Bernie Sanders is in a strong position to shake up Democratic Party politics. But the chaos at last week’s Nevada state convention reveals a real possibility that his candidacy could end up as little more than a footnote in the story of the 2016 campaign.
Sanders didn’t get into the race because of ego, or a quest for personal power. In 2013, John Nichols reported for The Nation that Sanders doubted he would run for president if another candidate offered “a seriously focused and seriously competitive populist alternative to politics as usual.” A year later, he told Salon he was considering a run because “the nature of media is that presidential campaigns…are a means…of getting these issues out there.”
In that sense, it’s impossible to overstate how successful he’s been. Not only because he’s won 20 primary contests, or moved Hillary Clinton demonstrably to the left on a number of key issues—for the first time in five years, a majority of Americans say it’s the government’s responsibility “to make sure all Americans have health-care coverage,” and a plurality—including most Democrats—are now in favor of tuition-free public colleges and universities.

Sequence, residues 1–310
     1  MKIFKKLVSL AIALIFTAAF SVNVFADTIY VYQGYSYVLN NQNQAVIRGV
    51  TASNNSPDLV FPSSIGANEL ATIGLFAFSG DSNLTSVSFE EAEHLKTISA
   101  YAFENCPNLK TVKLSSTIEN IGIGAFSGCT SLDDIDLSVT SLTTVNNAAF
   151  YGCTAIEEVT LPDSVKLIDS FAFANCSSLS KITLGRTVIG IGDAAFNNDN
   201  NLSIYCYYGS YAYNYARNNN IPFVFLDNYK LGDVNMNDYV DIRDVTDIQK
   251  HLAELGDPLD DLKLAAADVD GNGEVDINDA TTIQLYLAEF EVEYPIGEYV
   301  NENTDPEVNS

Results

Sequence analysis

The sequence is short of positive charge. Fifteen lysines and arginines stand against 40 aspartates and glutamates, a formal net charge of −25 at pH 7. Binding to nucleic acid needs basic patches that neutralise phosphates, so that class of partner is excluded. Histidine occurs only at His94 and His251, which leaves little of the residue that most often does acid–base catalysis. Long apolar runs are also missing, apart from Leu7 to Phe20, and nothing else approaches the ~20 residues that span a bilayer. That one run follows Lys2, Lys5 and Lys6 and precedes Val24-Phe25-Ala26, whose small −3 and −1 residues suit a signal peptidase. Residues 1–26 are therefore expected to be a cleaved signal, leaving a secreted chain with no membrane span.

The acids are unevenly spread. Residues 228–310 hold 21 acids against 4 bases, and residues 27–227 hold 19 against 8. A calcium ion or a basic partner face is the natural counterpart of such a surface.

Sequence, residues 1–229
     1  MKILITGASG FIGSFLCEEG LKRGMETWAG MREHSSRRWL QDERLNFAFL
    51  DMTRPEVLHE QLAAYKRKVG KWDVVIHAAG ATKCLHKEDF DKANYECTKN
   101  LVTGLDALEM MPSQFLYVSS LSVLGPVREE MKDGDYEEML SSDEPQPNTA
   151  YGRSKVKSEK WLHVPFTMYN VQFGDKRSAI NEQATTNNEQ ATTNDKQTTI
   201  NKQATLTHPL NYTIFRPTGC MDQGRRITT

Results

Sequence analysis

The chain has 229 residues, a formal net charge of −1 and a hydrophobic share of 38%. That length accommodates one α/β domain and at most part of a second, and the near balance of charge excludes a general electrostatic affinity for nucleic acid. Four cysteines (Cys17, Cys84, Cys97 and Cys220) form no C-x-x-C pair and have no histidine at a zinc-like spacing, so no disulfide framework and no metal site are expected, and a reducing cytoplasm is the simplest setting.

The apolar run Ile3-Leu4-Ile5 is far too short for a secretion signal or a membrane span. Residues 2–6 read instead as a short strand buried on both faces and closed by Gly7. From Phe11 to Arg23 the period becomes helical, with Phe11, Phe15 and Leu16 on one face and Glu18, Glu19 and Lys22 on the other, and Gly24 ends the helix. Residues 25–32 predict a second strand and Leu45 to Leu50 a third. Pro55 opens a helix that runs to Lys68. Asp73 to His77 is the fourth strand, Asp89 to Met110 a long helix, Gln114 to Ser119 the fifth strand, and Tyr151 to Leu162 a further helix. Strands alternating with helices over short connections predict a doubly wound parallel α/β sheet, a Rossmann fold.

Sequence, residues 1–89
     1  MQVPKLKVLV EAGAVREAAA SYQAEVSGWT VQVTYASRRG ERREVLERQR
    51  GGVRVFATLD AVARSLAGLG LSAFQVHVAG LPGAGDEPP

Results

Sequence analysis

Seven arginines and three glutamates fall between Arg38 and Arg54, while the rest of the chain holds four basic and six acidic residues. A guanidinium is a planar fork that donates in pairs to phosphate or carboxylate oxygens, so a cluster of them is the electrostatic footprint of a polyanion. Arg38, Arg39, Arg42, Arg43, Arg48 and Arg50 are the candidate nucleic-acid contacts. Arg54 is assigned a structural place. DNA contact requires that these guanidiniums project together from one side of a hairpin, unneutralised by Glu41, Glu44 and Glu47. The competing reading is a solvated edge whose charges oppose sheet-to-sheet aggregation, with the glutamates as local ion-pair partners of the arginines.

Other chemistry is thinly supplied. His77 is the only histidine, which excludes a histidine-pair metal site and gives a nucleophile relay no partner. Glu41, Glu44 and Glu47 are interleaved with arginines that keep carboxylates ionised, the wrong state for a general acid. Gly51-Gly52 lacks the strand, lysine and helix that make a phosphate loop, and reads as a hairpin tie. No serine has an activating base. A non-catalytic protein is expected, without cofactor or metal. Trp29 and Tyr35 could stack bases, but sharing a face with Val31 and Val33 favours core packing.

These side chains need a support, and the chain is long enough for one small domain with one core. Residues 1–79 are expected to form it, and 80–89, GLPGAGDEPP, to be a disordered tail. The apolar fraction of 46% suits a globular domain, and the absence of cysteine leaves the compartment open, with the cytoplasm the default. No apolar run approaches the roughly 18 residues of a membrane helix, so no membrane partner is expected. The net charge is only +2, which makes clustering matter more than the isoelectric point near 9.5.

Meanwhile, according to a Morning Consult survey, Sanders is now the most popular senator on Capitol Hill. He has an opportunity to end the race as one of the most popular presidential candidates in recent history.
But the kinds of sweeping, transformational changes that Sanders calls for have only ever been achieved with a coordinated inside/outside strategy. While Sanders supporters are quick to note that Hillary Clinton can’t win the 2016 election without their support, many of them overlook the fact that the broader progressive movement can’t achieve the goals Sanders champions if it alienates those who backed Clinton.
The Sanders campaign has created serious progressive infrastructure independent of the Democratic Party. As Micah Sifry reported for The Nation back in March, they’ve given thousands of activists the tools they need to fight effectively at the local level. So that’s the “outside” part of the strategy.